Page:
2. Survey Analysts - When using analysts to assist in conducting the survey, you may want to reassure the survey participants that the Analysts are sworn to secrecy with regard to the salary data: “Survey Analysts shall exercise discretion when conducting the survey and shall not disseminate information that is proprietary and confidential. Analysts shall not use such information for personal gain.”
      3. Results only to Participants - Often times, the survey results are only provided to survey participants. This is one way to increase the participation rate. This also helps reassure participants that the results will not be used by consultants (for monetary gain).
      4. Coding of Participant Information - If you report the data for each participant (in addition to averages), one way of helping to ensure confidentiality is to code the participant’s response in the survey results using a alphabetic code. (see example).
    7. Access to results?
    8. Identification of participants
      1. Selection of participants can affect the results.
      2. Sources of participants include
        1. Local businesses
        2. Associations of employers (within one industry)
        3. Other salary surveys
        4. Previously surveyed companies
      3. Criteria for selection of participants
        1. Established Businesses - startup's may be under significant fluctuations in salary levels
        2. Should be able to provide data on at least 30 employees
        3. As much as possible, the participants from the previous years that the survey was conducted should be encouraged to participate. This will improve the reliability of the survey results from one year to the next.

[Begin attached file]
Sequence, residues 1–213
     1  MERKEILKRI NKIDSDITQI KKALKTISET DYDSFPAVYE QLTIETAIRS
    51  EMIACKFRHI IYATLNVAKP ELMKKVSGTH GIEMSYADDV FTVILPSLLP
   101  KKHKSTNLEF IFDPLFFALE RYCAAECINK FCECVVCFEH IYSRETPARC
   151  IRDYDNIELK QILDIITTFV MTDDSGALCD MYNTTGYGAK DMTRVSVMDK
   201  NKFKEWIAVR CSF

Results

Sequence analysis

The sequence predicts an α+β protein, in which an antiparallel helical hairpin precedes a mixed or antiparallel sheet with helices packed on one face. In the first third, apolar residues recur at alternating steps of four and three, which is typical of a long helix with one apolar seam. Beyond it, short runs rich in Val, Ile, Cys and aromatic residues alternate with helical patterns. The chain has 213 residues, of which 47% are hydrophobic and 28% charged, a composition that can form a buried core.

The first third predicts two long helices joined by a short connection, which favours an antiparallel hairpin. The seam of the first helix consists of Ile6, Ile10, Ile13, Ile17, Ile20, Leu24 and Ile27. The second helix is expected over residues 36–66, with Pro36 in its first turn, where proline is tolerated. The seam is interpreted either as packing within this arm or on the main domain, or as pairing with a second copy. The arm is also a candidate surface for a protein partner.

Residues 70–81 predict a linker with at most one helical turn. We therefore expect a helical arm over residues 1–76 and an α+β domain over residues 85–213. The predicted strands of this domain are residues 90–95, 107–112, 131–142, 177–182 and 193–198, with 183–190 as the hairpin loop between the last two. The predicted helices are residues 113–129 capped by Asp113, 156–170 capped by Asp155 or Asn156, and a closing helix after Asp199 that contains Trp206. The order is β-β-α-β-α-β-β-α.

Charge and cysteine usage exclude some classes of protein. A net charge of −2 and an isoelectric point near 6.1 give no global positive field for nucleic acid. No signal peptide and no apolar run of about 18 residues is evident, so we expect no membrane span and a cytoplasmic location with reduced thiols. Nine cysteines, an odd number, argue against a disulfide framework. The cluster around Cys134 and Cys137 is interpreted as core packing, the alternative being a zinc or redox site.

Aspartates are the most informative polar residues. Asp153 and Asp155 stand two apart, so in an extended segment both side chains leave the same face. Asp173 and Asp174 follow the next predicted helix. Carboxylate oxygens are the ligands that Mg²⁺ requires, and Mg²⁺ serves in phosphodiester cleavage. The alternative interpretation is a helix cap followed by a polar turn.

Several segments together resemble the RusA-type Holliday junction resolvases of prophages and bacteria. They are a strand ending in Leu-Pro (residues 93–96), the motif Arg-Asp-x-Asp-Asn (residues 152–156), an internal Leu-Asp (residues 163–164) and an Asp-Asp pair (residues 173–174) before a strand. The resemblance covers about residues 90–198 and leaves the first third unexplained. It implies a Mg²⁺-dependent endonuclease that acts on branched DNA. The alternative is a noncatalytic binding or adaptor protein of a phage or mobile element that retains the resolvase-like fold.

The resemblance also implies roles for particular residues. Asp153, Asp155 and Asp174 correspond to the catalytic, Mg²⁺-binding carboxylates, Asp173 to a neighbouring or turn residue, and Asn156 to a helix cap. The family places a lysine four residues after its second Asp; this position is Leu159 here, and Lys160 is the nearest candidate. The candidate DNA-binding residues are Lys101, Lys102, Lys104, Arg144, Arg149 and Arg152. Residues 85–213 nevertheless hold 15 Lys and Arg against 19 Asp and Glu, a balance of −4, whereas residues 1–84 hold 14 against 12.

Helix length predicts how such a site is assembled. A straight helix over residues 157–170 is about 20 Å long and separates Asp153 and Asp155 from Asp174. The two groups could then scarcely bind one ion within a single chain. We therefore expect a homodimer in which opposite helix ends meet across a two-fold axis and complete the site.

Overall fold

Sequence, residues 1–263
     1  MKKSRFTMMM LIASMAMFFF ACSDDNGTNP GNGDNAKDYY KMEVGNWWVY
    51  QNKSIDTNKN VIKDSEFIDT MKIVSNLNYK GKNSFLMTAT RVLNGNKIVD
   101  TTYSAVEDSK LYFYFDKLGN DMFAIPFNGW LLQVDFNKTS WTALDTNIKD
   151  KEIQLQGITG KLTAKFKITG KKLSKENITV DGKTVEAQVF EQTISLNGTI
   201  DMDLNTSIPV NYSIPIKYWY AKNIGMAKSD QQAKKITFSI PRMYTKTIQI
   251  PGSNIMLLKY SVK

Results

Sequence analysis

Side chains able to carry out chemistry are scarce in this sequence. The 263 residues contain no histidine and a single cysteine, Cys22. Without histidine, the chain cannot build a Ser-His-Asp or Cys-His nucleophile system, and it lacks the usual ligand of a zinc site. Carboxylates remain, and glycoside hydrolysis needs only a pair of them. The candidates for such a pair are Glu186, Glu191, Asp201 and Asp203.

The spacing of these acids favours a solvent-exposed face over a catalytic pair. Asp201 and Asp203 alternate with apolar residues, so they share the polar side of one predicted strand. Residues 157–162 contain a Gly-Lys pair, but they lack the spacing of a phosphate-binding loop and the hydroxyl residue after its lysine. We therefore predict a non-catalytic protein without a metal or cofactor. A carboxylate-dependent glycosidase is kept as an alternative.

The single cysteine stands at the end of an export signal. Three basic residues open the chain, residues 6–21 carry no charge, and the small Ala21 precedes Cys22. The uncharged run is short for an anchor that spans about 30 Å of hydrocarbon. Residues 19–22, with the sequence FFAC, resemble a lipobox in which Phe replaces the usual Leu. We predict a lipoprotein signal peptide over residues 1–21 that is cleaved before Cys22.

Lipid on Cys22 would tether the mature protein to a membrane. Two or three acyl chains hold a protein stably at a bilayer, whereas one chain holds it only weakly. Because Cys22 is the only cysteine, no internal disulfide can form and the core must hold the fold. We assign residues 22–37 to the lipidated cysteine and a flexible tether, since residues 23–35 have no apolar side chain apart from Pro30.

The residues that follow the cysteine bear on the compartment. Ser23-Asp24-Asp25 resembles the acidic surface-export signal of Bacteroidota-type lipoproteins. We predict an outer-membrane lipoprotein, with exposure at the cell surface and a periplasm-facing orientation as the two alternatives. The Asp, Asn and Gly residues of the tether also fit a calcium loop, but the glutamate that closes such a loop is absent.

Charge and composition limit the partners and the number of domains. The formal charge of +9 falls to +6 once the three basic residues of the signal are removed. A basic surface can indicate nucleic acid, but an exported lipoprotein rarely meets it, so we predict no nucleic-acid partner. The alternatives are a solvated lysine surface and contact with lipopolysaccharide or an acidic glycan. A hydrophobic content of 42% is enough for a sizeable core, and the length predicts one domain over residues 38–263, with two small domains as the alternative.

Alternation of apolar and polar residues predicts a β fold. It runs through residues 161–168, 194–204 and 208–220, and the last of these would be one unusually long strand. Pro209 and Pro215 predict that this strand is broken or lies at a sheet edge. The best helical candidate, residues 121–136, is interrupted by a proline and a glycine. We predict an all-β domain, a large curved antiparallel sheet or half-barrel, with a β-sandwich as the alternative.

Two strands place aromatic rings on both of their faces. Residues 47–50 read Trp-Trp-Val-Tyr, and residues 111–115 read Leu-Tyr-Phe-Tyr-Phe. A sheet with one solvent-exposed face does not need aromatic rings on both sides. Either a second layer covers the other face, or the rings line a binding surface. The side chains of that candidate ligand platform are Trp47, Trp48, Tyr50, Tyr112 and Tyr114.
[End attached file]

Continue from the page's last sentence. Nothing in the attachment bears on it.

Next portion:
4. Number of Participants If surveying positions with high turnover, dramatically increasing salaries, or large variability in salaries for the same types of jobs, you should try to use a large number of participants to develop more accurate averages
      4. Contacting the Participants
        Letter sent to Human Resources Manager or Compensation Manager to announce the survey and request participaiton. This letter should include information on the participation deadlines, contact information for answers to questions.
      5. Distribution of the survey questionnaire (mail, fax, internet)
        1. If the questionnaire is lengthy you may want to mail it only to participants who respond to the initial letter.
        2. Mail to the questionnaire either with the initial letter or in response to a reply from the solicited participant.
      6. Data Collection
      7. Coding of Responses
      8. Follow up (phone / email)
        1. Non Respondents; Need more time? Deadline extension?
        2. Incomplete Responses; Missing Data; Failure to report data on common positions
        3. Extreme Responses
          1. Above ranges
          2. Annualized salaries (only reported 10-month rates)